MADISON – The University of Wisconsin System Board of Regents presented its annual Teaching Excellence Awards Thursday, honoring award recipients for both 2020 and 2021. The awards recognize outstanding teaching and are the UW System’s highest recognition for members of its faculty and instructional academic staff.

Last year’s awards ceremony was postponed due to COVID-19.

“These dedicated, gifted UW educators inspire students and colleagues alike,” said Regent Edmund Manydeeds III, chair of the selection committee. “We celebrate their creative approaches to teaching and learning, including their commendable adaptability to circumstances arising from the pandemic.”

The 2020 recipients are:

  • Jerry Hoepner, Department of Communication Sciences and Disorders, UW-Eau Claire

Dr. Hoepner told Regents that being surrounded by others who share a similar commitment to quality teaching and helping students is vital. “We are systematically evaluating our own teaching. We have daily conversations about teaching and research that always keeps us moving forward. It also helps to connect us with learners,” he said.

Hoepner said it’s also important to listen closely to students. “This helps us continuously hone our approach and meet the needs of a diverse student body,” he said.

  • Richard Stewart, Transportation and Logistics Management, School of Business and Economics, UW-Superior

“The highest quality education requires ongoing, multi-level engagement to have students and faculty enlightened and excited about learning,” said Dr. Stewart. Faculty must be the role model in this, he added.

“Many of the most important outcomes of a quality education – self-confidence and an excitement about learning – are virtually impossible to quantify,” Stewart said, adding that recognizing the value of education often does not become apparent until later in life. “We must always practice continuous improvement,” he said.

  • Department of Radio TV Film, UW Oshkosh

Department chair Dr. Andrew Smock, accepting the award on behalf of the department, told Regents what sets apart outstanding teaching isn’t a particular approach but “a passion for the discipline and truly caring for students.”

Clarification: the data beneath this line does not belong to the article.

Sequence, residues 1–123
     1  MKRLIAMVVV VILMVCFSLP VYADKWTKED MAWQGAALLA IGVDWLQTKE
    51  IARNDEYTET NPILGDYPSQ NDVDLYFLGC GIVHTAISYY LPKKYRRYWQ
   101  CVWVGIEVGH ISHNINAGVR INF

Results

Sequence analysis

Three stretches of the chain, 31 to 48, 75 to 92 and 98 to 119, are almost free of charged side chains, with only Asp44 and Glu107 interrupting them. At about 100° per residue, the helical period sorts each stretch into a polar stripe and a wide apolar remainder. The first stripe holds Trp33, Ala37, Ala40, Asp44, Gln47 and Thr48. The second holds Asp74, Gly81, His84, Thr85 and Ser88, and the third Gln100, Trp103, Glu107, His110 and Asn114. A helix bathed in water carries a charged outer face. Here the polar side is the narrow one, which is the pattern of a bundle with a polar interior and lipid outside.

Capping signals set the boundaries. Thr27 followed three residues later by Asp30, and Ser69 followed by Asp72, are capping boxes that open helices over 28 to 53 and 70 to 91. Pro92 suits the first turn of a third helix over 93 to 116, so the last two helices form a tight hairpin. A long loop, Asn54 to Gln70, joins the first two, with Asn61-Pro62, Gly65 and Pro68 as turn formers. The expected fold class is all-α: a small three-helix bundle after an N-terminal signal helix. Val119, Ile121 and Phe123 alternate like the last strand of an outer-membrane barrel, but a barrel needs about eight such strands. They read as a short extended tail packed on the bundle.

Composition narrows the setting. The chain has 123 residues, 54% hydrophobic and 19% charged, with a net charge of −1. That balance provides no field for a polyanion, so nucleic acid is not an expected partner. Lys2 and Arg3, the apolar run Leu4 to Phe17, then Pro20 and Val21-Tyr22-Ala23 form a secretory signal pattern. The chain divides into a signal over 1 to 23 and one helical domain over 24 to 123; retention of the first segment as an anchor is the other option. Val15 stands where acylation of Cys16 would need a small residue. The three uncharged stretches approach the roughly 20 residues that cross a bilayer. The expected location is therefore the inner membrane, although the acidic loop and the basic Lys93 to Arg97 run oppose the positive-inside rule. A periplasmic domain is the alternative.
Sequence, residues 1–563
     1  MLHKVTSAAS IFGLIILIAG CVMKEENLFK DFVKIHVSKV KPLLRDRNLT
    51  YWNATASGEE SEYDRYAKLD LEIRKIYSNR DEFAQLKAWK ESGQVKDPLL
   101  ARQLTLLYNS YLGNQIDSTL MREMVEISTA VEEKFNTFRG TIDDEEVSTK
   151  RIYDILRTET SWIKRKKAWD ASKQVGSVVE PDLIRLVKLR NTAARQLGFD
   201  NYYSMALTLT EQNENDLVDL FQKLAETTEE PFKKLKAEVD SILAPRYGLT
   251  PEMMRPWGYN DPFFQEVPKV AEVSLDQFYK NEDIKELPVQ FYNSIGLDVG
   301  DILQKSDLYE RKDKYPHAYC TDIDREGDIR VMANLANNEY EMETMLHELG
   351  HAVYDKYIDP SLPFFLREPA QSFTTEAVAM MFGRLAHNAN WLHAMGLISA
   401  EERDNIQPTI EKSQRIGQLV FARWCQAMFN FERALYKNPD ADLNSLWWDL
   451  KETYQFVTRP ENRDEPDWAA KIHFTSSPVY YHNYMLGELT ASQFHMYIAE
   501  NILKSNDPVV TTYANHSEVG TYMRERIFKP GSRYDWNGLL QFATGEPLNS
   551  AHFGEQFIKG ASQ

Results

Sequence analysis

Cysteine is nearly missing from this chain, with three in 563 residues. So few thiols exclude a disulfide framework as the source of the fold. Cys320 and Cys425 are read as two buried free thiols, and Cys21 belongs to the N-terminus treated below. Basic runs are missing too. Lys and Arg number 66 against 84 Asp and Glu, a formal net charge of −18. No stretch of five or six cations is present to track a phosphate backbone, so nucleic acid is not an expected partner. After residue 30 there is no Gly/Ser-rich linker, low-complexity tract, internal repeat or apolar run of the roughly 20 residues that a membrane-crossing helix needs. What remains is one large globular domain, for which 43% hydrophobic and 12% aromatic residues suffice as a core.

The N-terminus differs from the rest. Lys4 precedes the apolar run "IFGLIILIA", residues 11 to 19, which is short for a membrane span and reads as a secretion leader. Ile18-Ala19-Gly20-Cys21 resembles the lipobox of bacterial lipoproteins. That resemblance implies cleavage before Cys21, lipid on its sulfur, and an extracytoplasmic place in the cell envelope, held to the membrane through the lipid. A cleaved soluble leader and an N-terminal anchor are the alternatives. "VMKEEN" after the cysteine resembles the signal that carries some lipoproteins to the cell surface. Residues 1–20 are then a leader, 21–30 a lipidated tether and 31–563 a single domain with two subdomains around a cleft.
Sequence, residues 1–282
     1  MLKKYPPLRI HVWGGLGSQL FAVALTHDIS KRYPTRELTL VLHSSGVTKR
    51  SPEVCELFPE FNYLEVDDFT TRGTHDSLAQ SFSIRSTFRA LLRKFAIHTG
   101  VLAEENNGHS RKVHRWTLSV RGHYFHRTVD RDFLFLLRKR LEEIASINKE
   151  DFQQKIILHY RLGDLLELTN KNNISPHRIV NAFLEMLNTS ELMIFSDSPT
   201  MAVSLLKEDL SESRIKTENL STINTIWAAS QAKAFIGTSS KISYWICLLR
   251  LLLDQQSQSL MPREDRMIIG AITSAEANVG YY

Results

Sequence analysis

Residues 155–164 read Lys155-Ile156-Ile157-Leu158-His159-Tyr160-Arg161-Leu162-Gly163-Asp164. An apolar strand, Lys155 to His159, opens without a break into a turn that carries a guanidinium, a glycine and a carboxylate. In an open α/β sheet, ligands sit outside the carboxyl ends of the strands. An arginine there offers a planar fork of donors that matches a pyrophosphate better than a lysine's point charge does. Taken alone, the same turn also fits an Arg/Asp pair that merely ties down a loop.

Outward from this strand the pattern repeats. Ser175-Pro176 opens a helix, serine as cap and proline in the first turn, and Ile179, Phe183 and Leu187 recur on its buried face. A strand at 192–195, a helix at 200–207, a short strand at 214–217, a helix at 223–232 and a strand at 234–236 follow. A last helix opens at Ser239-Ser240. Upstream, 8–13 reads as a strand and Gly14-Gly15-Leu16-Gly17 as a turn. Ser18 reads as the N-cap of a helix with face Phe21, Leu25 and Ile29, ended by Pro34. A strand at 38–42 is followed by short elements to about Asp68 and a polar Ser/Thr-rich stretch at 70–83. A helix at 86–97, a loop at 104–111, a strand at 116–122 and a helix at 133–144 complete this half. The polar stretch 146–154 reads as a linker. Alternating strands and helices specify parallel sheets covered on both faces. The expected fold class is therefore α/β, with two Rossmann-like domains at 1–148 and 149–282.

Outstanding teaching begins by designing a program with great intention, he said, and engaging students in opportunities beyond classroom borders. He said students in the Radio TV Film program are always aware they are producing for an audience, whether live, online, or otherwise. “Knowing they’re not just graded by professors but they’re being seen by those in the community and beyond pushes them. That push is good,” he said.

The 2021 recipients are:

  • Ekaterina Levintova, Department of Democracy Studies, UW-Green Bay

Dr. Levintova told Regents she has “a smile when I enter my office every day.” She recalled the first convocation she attended at UW-Green Bay in 2007 where the motto was “Connecting learning to life.” She said that motto resonated with her over the years and continues to inspire her teaching.

“I want my students to be fulfilled and have rewarding careers that they love,” she said. “More than that, connecting learning to life inspires in students lifelong learning… to seek knowledge and rejoice in learning.” She said it’s also important to connect learning to students’ lives and identities outside campus.

  • Renee Redman, Department of Biology, UW-La Crosse

As a teacher, Dr. Renee Redman said her main priority is that her “students feel comfortable asking questions.” She focuses on creating an inclusive environment where students feel safe and know that no one will cast judgment on their questions.

“Students have to believe you care and that you’re in their corner,” Redman said. Encouraging them to ask questions “empowers them to advocate for themselves, to stand up for themselves.” She also considers their questions a tool for lifelong learning as a teacher, as an opportunity to learn what she can do better.

  • Nutrition Sciences/Dietetics Program, UW-Green Bay

Dr. Deb Pearson, accepting the award on behalf of the Nutrition Sciences/Dietetics program, said her colleagues are “united in our commitment and enjoyment in mentoring the personal and professional development of students. We want to help them develop knowledge and find meaningful, purposeful career paths.”

‘We head into class with passion and enthusiasm on our sleeve. And that genuine passion and enthusiasm is contagious,” she said. “When students get inspired, they are that much more willing to jump into academic rigor and develop curiosity.” She also noted how important it is to provide students with opportunities to translate their learning to real-life experience.

UW System seeks more coordinated online education efforts

Facing intense competition in online education, the UW System is planning more focused coordination of new and existing resources to capture more of the online education market.

“We have an opportunity to better serve adult learners in Wisconsin, but we have to be more aggressive and focused to serve these potential students and employers,” said UW System President Tommy Thompson.

The UW System has made improving online education a key focus of its 2021-23 budget proposal. It is seeking about $15 million to get started but would eventually be self-sustaining.

Anny Morrobel-Sosa, Vice President for Academic and Student Affairs, led a presentation on the framework for the UW System’s online education plans – including enhanced research and marketing, expanded program and curriculum development, and maximum flexibility to response to evolution in the marketplace. The framework, called Project Distance Education+ (Project DE+), is being developed through ongoing discussions with university and other stakeholders.